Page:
9. Ah, looking at how the routine runs, I think that's an overlooked case. I'll add a comparison check to the beginning of the routine to cover it. Until the next release, I'd recommend you just add an if...then test for this case to your code.
  10. The new routine should definitely be in there, though it's entirely possible you've run into some other issue. When I get a chance, I'll write up an exhaustive test.
  11. And then the XEGS again, in 1987. Candy in 1979 would have been much better timing for such a console release, market strategywise. I won't comment on the sticks, because people living in Proline houses shouldn't throw rocks. They 8-bits were pricey, but a good chunk of that was ram. A console doesn't need as much ram as a computer does, since the program resides mostly in cart rom, and the Candy console would have no doubt been more streamlined in other ways.
  12. More that that. Atari internally expected the VCS to age out of the market around 1980. The "Candy" project, which later became the Atari 400, was originally planned to be a keyboardless console that was the remedy to that problem. [source]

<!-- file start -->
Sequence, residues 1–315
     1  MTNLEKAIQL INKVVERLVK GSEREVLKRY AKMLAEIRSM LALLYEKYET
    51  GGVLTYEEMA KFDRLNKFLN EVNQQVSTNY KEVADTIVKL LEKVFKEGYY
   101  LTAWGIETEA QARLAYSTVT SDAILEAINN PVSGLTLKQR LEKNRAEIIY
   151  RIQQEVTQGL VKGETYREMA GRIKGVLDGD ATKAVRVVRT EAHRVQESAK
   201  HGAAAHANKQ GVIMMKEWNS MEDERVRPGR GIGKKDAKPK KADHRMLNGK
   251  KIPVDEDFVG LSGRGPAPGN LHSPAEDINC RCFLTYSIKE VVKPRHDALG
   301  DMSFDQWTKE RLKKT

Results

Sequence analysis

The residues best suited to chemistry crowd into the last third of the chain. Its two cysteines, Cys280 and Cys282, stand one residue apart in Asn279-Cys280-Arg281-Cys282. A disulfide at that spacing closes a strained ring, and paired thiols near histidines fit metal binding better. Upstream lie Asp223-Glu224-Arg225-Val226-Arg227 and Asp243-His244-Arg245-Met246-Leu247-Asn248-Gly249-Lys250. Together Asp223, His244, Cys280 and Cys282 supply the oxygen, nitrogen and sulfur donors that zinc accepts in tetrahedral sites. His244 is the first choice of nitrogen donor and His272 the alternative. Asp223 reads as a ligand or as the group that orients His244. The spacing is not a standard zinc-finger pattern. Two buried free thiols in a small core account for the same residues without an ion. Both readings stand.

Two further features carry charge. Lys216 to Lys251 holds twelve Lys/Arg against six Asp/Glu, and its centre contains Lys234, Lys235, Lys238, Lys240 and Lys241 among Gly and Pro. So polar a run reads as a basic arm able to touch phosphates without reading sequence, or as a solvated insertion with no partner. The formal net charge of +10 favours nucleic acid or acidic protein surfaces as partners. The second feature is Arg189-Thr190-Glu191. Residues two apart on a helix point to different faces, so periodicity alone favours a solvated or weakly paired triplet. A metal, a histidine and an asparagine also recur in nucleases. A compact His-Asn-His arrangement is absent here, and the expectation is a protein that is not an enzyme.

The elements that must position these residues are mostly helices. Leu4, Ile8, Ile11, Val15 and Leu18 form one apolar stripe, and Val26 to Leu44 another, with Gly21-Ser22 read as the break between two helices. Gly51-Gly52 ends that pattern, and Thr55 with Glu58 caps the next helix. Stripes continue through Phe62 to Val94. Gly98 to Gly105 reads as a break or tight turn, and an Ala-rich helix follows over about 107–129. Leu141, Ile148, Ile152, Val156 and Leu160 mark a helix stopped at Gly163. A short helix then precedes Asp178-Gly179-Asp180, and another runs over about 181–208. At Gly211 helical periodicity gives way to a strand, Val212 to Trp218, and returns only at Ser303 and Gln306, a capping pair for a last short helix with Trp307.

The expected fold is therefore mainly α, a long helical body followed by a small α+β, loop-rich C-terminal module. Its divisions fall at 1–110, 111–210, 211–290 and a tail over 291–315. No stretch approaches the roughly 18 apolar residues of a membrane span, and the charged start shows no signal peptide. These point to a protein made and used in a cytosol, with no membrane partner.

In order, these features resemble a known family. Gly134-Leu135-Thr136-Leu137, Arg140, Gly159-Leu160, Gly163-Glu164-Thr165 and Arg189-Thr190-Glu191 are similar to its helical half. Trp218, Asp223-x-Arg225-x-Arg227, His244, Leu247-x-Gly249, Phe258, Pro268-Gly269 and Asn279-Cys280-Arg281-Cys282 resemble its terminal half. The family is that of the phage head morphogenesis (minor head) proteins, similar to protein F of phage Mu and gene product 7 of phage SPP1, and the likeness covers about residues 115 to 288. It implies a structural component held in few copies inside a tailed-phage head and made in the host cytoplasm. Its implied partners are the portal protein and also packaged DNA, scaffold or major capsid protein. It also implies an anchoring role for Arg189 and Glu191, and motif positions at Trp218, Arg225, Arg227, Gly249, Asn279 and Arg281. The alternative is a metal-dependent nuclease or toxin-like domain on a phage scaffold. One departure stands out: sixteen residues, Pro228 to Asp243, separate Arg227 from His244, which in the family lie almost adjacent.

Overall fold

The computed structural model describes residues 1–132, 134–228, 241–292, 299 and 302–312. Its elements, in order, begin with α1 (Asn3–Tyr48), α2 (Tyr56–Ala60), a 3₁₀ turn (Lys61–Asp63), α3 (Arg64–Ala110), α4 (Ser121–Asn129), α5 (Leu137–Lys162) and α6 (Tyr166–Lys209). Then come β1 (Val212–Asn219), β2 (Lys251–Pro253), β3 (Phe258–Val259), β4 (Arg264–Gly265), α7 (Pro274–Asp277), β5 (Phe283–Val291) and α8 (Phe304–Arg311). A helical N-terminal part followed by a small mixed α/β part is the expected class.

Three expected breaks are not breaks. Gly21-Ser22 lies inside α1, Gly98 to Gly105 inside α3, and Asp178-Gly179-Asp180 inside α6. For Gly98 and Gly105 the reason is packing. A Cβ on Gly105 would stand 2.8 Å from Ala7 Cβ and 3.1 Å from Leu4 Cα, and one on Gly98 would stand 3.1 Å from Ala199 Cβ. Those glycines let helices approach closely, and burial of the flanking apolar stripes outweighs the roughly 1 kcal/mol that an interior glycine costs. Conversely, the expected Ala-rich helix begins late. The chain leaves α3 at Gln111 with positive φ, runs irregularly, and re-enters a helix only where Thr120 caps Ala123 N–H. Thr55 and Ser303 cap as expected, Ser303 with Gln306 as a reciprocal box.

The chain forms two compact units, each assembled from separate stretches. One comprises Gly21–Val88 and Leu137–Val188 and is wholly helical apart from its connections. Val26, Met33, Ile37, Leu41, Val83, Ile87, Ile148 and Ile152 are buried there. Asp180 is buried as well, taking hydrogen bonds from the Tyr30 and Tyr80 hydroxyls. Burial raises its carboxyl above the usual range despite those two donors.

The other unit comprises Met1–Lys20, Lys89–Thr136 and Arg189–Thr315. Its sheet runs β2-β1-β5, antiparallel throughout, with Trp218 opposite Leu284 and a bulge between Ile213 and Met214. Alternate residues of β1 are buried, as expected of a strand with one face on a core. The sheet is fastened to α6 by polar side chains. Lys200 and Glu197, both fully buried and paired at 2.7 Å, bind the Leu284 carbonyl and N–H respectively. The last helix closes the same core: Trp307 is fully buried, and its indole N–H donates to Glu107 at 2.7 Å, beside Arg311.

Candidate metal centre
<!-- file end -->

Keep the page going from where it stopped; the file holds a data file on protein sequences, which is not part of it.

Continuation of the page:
13. With AdvII being on the Adventure->Zelda spectrum, that's a nice data point for complexity. It's deceptively easy to put together a quick Zelda-ish demo, but the full game is another beast. I imagine this is where Irata Quest went off the rails. AtariusMaximus quickly put together a 7800 Zelda map traversal demo in pretty short order. (he never planned to take it past a demo). But full-game stuff requires dialog trees, npc behaviours, etc., and all of these needing to be malleable with progress through the game. It's only tenable if you take a well-thought-out data driven approach, with tools being written to support the data generation and encoding. Aside from dev time, I think there are other reasons to consider a design on the Adventure->Zelda spectrum. The shorter play-time commitment and better replayability of Adventure would be worthy design goals. (while trying to maintain some of that richness of the Zelda world.)
  14. While I don't disagree that the 7800 invites all of this complexity, in the past I've advocated for something between Adventure and Zelda. (for both complexity and story). Reason being that Zelda had a dev team of 6. When people say they want a Zelda clone, IMO they really mean something more like the sequels, which had even bigger dev teams. A lone 7800 dev taking on a true-to-form Zelda clone will be metaphorically eating an elephant one bite at a time.